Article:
Meet Edwin Horatio Fowler: Nineteenth Century Architect, Draftsman and Capitol Hill Resident
by Amanda Molson
One of Fowler's early houses, incorporating elements of the Richardsonian Romanesque style, is located at 1106 East Capitol Street, NE.
Born in New Hampshire in 1856, Edwin Fowler took a job in Washington as a draftsman for the United States Coast and Geodetic Survey (USC&GS) in 1879 after graduating from Dartmouth College with studies in engineering. First authorized by Congress in 1807 as the Coast Survey, USC&GS employed surveyors, cartographers, mathematicians, and sailors to map the coastlines of the United States. By the middle of the nineteenth century, USC&GS was also principally responsible for determining sea depths, predicting tides and currents, using geodetics to measure the gravitational and magnetic field of the earth, and developing the lighthouse system. Serving alongside Fowler as a junior draftsman in the Drawing Division of USC&GS was Robert E. Peary, who would go on to lead the exploratory team that set foot on the North Pole in 1909. USC&GS was rolled into the National Oceanic and Atmospheric Administration in the 1970s.
Although he first settled in Northwest Washington, Fowler moved to 207 A Street, NE, on Capitol Hill in 1883 after marrying a fellow New Hampshire native, Martha, that same year. The couple relocated to 1100 East Capitol Street, NE, in 1887, and so began Edwin Fowler’s commitment to the Lincoln Park neighborhood. By the mid-1880s, Fowler was making strides at USC&GS, drafting charts for Long Island Sound and Cape Hatteras and mapping the coastal stretches from San Diego to Santa Monica and Tampa Bay to Key West. Earning a comfortable living, Fowler soon combined his talents in both engineering and drawing to moonlight as an architect-for-hire and speculative builder (not an uncommon side business for Washington draftsmen of the era).
Primarily incorporating elements of the Richardsonian Romanesque style, Fowler’s first project was 208 11th Street, NE, in 1889. He then designed 1104 and 1106 East Capitol Street, NE, before markedly showing his creativity with a seamless bay on 1206 East Capitol Street, NE, in 1891. After producing 115 and 117 Tennessee Avenue, NE, as a speculative builder, Fowler created his own residence at 1126 East Capitol Street, NE, and its mate next door at 1124 in 1892. Fowler’s home and many of his other designs exhibited such trademark Richardsonian Romanesque details as deep recessed entryways and windows below exaggerated arches, use of heavy stonework at the base, organic motifs carved in limestone, and the playful use of Capitol Hill’s traditional rounded bays topped by gabled rooflines to mimic Richardsonian’s conicalroofed towers.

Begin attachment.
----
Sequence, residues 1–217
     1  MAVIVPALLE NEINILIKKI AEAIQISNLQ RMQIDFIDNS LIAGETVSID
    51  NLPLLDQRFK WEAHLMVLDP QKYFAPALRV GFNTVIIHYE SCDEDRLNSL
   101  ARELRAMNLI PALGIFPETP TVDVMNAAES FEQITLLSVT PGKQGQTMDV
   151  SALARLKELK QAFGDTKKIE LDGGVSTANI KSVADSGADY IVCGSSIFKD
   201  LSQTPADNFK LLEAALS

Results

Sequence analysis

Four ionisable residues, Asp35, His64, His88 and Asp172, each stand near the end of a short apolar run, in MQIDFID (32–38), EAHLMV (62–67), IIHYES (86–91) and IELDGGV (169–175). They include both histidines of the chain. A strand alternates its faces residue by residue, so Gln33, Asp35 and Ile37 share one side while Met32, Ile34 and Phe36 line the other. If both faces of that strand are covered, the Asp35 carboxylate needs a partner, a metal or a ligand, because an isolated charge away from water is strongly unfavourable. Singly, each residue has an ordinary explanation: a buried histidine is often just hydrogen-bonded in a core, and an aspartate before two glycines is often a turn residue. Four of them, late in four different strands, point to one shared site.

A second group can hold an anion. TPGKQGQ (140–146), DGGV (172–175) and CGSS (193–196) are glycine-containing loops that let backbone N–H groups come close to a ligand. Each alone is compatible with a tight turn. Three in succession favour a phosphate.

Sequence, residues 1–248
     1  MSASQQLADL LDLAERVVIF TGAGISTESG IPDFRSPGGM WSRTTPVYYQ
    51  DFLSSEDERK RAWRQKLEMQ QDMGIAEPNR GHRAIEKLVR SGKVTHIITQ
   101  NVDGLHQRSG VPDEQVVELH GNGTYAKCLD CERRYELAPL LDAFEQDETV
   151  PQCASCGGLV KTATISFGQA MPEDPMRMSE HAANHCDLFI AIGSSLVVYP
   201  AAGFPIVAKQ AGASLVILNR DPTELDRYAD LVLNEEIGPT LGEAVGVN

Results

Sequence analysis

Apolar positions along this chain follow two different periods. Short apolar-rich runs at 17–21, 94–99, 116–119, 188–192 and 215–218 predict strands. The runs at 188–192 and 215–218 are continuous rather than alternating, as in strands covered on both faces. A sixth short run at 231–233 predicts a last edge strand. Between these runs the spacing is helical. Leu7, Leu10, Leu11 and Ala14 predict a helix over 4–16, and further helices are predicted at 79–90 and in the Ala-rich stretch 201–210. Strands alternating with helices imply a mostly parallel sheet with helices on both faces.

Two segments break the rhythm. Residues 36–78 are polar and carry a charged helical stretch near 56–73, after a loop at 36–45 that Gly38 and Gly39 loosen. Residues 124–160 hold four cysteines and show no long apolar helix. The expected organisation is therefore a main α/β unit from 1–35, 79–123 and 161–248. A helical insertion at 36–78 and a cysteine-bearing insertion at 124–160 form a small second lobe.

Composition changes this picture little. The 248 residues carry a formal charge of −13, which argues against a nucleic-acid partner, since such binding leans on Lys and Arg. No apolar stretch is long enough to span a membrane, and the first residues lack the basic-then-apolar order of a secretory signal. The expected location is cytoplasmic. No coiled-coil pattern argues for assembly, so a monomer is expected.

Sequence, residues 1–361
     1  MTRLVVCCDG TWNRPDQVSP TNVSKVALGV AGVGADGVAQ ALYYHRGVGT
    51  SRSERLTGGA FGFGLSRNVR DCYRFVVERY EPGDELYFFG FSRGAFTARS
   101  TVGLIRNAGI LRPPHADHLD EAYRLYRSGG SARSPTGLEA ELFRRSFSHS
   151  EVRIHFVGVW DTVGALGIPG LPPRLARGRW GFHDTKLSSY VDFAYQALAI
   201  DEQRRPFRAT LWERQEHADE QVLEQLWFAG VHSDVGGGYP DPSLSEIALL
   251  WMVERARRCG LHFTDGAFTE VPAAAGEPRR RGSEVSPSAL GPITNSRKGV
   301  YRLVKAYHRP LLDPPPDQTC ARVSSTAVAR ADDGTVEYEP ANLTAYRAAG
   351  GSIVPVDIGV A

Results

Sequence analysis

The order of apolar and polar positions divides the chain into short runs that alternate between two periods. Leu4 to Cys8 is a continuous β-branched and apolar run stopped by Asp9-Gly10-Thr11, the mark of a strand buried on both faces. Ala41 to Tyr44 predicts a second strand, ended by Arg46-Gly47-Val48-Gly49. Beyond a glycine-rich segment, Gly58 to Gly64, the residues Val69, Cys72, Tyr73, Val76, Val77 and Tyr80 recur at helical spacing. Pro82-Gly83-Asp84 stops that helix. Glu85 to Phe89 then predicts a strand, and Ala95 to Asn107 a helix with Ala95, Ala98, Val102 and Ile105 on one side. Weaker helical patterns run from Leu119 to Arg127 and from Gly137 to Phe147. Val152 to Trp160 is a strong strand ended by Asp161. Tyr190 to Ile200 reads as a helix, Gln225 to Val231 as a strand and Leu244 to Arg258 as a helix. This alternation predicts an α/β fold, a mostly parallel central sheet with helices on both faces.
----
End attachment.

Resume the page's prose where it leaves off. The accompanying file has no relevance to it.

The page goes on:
At his most prolific during the 1890s, Fowler produced 1014 and 1108 East Capitol Street, NE; 907 and 1103 East Capitol Street, SE; 1312 North Carolina Avenue, NE; 118 and 128 Tennessee Avenue, NE; 1018 Massachusetts Avenue, NE; 112 12th Street, SE; 129 and 131 12th Street, NE; and the Lane Chapel Church at 14th and C Streets, NE – all near Lincoln Park. Fowler also designed a handful of residences in Northwest Washington and a turnof- the-century single-family dwelling at 1200 East Capitol Street, NE, which would be radically expanded into the present condominium building after Fowler’s death.
Fowler showed his creativity with a seamless bay on 1206 East Capitol Street, NE, built in 1891.
In addition to his membership in the local chapter of the New Hampshire Association, Fowler was also a founding member of the University Club in 1904, a gentlemen’s association that consisted of alumni from such esteemed institutions as Dartmouth, Yale, Princeton, Harvard, Columbia, and Cornell. As the Vice President of the Dartmouth Alumni Association, Fowler represented his alma mater. Fowler’s obituary notes that he contributed to the beautification of Lincoln Park, and these efforts were likely related to the addition of fountains in 1884 and pathway improvements in 1894.
Fowler would never see the success of the University Club, which still exists today, as he died at the age of forty-seven in the year of its founding. By his death on March 11, 1904, in his own home at 1126 East Capitol Street, NE, Fowler had achieved the rank of Chief Draftsman of USC&GS. He had studied mapping techniques in England and France in 1900, and USC&GS noted upon his death that Fowler had worked diligently through a long (but undefined) illness in the last months of his life while under great mental pressure. Fowler’s last designs on Capitol Hill were 210 Maryland Avenue, NE (later demolished) and 610, 612 and 614 Third Street, NE, in 1902, all removed from Lincoln Park and perhaps indicative of his attempts to expand his architectural impact to other areas of Capitol Hill.
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